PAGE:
Friday, January 19, 2007

Rififi (1955)

"No dear, there's no such thing as misogyny in Film Noir, it's called Character Development."

Genre: Crime Noir Thriller

Starring: Jean Servais, Carl Möhner (Sink the Bismarck!)

Directed By: Jules Dassin (Night And The City; Thieves' Highway)

Overview: A gang of hard-boiled ex-cons perfectly concoct a brilliant jewellery heist, but to err is human...

Acting: Jules Dassin, after a quick perusal, turns out to be one of the best, if not THE director of the French Film Noir. More interesting is that he was a Russian-Jewish American who left America when accused of being a communist, and consequently blacklisted. For Francois Truffaut to say that the best Film Noir he'd ever seen is Rififi, well that's enough to make me recommend it to even the Film Noir-curious. Then there's the actual cast. Imagine the perfect face of a villain, then watch this. Freakish how that's the EXACT face you were picturing for the bad guy, eh?
Rating: 10

Cinematography: Film NOIR, and by Noir I mean dark settings with trench coats and fedoras, bejewelled bleached blondes in smoky gin joints singing about the rough and tumble men they associate with. Men who linger about darkened alleys, drive boats and shoot gats. It's like a total rip off of every Film Noir cliché that exists, except he was probably out there inventing it.
Rating: 8

Script: This is the kind of writing that needs no explanation. It's a tale with few twists, and by that I mean the motivations of these characters are so well laid-out and rooted in the genre that you know innately where this is going to go, in the best way possible. No surprises means you know the characters. Cynical outlooks and paranoia speak volumes. When words are exchanged though, those of you who speak French will appreciate the ultra-50s slang of it all.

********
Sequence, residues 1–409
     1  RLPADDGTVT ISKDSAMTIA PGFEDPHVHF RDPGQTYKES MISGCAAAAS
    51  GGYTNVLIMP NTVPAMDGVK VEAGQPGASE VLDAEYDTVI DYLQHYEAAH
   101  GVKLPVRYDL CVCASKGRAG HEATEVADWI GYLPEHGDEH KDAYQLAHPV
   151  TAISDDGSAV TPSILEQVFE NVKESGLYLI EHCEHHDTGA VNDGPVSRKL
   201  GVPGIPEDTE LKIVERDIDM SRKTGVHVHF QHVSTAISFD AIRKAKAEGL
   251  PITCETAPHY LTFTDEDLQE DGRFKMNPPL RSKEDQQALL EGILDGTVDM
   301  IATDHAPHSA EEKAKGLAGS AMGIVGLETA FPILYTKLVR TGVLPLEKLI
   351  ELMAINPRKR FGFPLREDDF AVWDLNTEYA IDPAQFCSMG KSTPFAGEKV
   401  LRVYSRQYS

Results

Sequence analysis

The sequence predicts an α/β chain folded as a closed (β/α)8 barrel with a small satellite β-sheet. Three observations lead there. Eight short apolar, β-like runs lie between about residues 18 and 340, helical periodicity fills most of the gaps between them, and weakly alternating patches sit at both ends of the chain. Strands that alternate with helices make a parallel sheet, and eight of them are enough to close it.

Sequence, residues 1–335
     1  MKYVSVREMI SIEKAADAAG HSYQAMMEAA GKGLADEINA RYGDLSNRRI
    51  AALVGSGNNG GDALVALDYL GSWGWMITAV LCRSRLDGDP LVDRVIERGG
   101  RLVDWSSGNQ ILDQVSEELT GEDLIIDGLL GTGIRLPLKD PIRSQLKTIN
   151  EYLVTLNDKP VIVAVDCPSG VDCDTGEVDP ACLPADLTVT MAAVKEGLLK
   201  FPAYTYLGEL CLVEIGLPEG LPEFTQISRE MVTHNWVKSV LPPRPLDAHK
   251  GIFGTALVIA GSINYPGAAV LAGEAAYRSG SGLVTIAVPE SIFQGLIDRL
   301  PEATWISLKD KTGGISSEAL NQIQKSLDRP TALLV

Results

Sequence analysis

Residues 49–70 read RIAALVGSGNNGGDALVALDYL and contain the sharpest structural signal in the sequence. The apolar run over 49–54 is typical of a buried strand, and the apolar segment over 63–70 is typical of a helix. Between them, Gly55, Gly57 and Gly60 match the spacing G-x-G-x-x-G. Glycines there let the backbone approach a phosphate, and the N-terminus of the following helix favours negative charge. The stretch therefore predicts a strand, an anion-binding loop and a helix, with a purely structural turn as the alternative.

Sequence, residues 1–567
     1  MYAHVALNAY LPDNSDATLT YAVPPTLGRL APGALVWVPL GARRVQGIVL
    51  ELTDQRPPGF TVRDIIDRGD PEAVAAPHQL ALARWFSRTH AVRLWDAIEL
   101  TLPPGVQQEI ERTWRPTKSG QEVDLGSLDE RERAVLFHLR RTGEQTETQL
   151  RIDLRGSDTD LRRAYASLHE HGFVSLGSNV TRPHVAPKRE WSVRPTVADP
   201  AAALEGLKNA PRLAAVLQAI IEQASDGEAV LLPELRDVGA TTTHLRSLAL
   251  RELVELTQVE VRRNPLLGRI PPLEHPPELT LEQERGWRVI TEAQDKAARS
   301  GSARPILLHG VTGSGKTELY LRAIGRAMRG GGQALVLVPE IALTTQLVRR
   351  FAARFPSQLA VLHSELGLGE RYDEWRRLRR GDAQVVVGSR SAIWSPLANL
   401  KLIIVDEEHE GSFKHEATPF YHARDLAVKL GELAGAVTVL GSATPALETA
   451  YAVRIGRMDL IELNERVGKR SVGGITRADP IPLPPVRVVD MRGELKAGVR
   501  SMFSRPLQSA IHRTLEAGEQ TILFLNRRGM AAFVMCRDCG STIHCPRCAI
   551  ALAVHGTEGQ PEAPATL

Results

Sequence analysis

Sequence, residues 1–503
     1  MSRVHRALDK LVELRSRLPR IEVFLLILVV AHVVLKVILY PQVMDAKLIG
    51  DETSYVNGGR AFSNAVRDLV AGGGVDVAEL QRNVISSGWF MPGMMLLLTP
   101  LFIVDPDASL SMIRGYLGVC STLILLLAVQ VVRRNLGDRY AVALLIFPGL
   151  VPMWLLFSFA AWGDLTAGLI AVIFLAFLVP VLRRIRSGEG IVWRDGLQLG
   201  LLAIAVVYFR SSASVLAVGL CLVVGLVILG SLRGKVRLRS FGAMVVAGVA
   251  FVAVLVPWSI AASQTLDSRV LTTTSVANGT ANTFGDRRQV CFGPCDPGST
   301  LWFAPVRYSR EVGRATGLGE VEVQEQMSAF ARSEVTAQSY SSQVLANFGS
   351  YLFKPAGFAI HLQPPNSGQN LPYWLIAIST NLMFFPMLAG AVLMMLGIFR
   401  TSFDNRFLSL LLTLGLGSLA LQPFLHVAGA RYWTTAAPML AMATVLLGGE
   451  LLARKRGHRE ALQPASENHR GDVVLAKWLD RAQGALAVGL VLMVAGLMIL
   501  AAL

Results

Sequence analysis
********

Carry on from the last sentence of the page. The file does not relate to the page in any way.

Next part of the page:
Rating: 9

Plot: Film NOIR, and by noir I mean a bleak, surly, anti-hero tale where the guy we follow has maybe an ounce more likeability than anyone else, a touch more ethic, a sliver more nobless. A heist story that appropriately shows the quick wit of professionals while still focussing on the consequences of human frailty, that's nothing to complain about. When I say classic film noir, it implies tragic ends, but don't be so sure... or maybe I'm just saying that to keep you guessing. Either way, the good guys are bad, the bad guys are evil, and that's what makes it worth the trip.
Rating: 8

Mood: Early in this story we have a scene where our anti-hero, after having done his bit in prison, comes back to find his old lady at a fancy club, letting a man pay for her evening. Our hero stands there, looming, telling the man to leave. The woman is taken into a room, and made to give him all her jewellery, and her mink coat. "I never forgot you!" she pleads. He beats her with a belt for her lack of loyalty. Call me a misogynist but I don't know a better way to introduce a character than by this trial by fire. After that, you know who this guy is. He doesn't need any more back-story than that.
Rating: 9

Diamonds aren't just a girl's best friend, nope.

Overall Rating: 88% ('Rough And Tumble')

Aftertaste: Half way through I said, "I don't know if it's the wine, but is this the best Film Noir I've ever seen?" In the end, as stories go, the answer was 'almost', but the characters are ultra-rich in the genre, morbid as it is. Why this isn't in 1001 Movies You Must See Before You Die is beyond me. What irks me is that something crappy took its place, I'm sure, yet this is film history here. Whatever.